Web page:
Minister, NPA must pay mom's maintenance, court rules

(Picture: <a href=\\\\>Shutterstock</a>)
(Picture: <a href=\\\\>Shutterstock</a>)
Pretoria - The justice minister and the National Prosecuting Authority must stand in for the maintenance an Mpumalanga mother lost, the North Gauteng High Court in Pretoria ruled on Tuesday.

Acting Judge Jan Hiemstra granted the order to Annah Ouma Mtimunye. The minister, the NPA and her former husband Michael Matlala must pay her R24 500 plus interest.

Mtimunye lost maintenance because of the negligent and unlawful conduct of maintenance officials at the Mdutjana Magistrate's Court.

Mtimunye, a hawker of KwaNdebele in Mpumalanga, obtained a court order after her divorce in 1990 that Matlala pays maintenance for their two children.

She alleged maintenance officers at the Mdutjana Magistrate's Court in Siyabuswa had negligently and unlawfully failed to take appropriate steps in terms of the Maintenance Act to enforce the payment of arrears in maintenance accumulated over a period of three years.

Her husband, a former primary school teacher, had failed to pay regular maintenance from the start. He resigned from his job in 2006 and promptly stopped paying after she obtained garnishee orders against his salary to ensure regular payments.

She reported the arrears to a maintenance inspector and asked the senior magistrate at the court to instruct the officer handling her case to ensure that her ex-husband's pension payout was attached because she feared he would squander his money.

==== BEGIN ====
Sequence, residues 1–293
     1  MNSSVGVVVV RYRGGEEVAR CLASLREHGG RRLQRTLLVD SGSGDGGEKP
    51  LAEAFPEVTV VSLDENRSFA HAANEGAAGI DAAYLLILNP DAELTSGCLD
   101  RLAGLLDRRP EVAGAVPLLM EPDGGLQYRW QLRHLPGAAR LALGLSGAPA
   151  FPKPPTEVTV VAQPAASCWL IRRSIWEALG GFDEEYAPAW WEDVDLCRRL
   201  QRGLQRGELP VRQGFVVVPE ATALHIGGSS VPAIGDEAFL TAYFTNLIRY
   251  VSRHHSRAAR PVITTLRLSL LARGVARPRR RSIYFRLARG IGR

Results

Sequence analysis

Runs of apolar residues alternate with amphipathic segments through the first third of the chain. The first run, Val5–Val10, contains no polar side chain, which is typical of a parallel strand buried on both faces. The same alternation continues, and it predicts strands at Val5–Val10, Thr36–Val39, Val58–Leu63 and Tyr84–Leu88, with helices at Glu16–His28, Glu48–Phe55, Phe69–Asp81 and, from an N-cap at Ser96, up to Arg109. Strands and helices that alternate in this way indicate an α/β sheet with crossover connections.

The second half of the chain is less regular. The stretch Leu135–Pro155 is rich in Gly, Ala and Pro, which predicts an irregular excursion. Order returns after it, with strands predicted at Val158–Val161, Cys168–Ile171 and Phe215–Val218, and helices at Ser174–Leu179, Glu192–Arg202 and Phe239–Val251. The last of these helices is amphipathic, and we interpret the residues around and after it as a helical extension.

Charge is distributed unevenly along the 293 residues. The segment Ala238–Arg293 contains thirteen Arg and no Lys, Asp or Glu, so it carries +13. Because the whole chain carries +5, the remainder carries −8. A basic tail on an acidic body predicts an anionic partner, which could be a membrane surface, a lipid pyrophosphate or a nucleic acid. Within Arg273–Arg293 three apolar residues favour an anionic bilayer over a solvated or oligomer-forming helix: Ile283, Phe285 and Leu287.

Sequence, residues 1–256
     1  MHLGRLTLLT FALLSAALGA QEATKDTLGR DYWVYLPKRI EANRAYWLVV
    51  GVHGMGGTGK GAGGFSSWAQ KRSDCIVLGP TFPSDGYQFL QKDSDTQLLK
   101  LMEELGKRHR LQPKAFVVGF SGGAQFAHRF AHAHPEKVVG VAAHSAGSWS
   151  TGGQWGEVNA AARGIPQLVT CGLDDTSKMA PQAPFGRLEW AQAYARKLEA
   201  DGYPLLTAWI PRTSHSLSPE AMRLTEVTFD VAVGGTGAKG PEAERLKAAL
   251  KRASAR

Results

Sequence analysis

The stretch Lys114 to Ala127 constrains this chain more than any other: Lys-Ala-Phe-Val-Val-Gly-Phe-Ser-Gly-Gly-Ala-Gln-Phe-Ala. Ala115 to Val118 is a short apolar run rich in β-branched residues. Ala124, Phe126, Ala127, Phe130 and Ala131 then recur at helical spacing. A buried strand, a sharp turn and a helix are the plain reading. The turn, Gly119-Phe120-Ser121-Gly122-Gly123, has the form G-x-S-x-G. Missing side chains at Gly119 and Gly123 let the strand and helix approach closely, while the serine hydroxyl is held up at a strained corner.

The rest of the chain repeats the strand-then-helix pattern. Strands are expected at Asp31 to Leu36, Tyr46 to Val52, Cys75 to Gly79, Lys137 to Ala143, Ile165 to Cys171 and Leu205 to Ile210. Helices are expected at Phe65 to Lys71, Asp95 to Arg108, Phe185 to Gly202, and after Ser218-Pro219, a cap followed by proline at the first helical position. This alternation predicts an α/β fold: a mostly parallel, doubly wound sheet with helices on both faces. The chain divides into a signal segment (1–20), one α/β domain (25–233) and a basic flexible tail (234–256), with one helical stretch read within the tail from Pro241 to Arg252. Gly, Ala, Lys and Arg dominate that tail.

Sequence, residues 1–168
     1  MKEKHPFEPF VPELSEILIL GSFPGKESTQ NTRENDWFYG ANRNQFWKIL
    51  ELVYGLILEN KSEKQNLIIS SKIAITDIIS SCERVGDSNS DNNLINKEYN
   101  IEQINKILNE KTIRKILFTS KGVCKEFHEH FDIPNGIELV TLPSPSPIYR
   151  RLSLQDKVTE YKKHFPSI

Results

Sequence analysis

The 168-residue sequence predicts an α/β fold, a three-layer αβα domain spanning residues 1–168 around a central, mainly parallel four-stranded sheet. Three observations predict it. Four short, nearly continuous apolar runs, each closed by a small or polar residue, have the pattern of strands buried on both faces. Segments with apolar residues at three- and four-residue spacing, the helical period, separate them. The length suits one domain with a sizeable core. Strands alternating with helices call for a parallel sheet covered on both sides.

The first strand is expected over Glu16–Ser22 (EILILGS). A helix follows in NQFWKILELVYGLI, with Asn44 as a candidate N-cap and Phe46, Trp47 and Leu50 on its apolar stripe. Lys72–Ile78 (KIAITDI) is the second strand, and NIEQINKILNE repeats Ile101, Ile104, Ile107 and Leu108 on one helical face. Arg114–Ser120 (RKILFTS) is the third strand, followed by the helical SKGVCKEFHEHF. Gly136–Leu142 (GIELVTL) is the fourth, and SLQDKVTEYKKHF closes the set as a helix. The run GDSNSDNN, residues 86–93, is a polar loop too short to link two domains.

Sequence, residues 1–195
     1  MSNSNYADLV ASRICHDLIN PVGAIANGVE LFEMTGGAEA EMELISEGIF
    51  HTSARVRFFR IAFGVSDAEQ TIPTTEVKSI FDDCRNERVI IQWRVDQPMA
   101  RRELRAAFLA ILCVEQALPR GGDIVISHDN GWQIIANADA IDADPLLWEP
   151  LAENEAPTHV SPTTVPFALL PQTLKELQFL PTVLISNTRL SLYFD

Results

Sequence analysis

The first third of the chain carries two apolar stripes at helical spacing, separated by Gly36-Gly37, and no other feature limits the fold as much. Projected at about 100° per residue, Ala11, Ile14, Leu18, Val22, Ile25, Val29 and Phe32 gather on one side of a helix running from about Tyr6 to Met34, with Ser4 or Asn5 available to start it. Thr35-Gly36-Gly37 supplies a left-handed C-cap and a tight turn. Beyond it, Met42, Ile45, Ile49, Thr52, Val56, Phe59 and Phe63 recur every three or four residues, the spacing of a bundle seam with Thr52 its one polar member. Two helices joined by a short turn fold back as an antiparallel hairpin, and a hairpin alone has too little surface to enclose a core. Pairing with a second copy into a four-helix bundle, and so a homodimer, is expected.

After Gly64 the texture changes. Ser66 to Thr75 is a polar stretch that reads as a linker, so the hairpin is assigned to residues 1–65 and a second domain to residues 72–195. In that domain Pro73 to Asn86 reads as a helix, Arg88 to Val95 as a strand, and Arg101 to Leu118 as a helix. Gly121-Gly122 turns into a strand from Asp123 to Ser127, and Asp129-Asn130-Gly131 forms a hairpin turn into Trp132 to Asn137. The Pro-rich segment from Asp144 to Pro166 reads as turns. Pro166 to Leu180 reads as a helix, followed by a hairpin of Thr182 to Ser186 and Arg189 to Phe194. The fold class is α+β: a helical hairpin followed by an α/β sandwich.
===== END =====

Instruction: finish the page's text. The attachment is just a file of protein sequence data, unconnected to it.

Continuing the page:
She was wrongly advised that the Maintenance Court had no authority to attach her former husband's pension benefits.

A maintenance enquiry was initiated, but dropped when criminal proceedings were instituted against Matlala. The case was withdrawn against him because he had paid some of the arrears and was still waiting for his pension monies.

Mtimunye repeatedly reminded the maintenance officer of the pension payout, but he left it to Matlala to pay the arrears maintenance.

The officer admitted in court that he had not given much attention to Mtimunye's file.

Although Matlala paid some of the arrears maintenance after receiving his pension of R237 000 in 2006, he soon fell into arrears again and steadily withdrew the money so that he ended up with an overdraft.

All of the withdrawals were made at an ATM at the Carousel Sun casino.

The criminal case was reinstated in 2009 against Matlala, but he was given a suspended sentence and the magistrate "wrote off" the arrears of R24 500 without giving any reasons. There is no provision in the Act for such an order.

Hiemstra said there were ample provisions in the Act for the effective enforcement of maintenance orders, but the legal remedies were simply disregarded.

"The failure to take effective and available steps speaks of gross incompetence and dereliction of duties.

"As a result the plaintiff cannot recover the arrears maintenance," he said.

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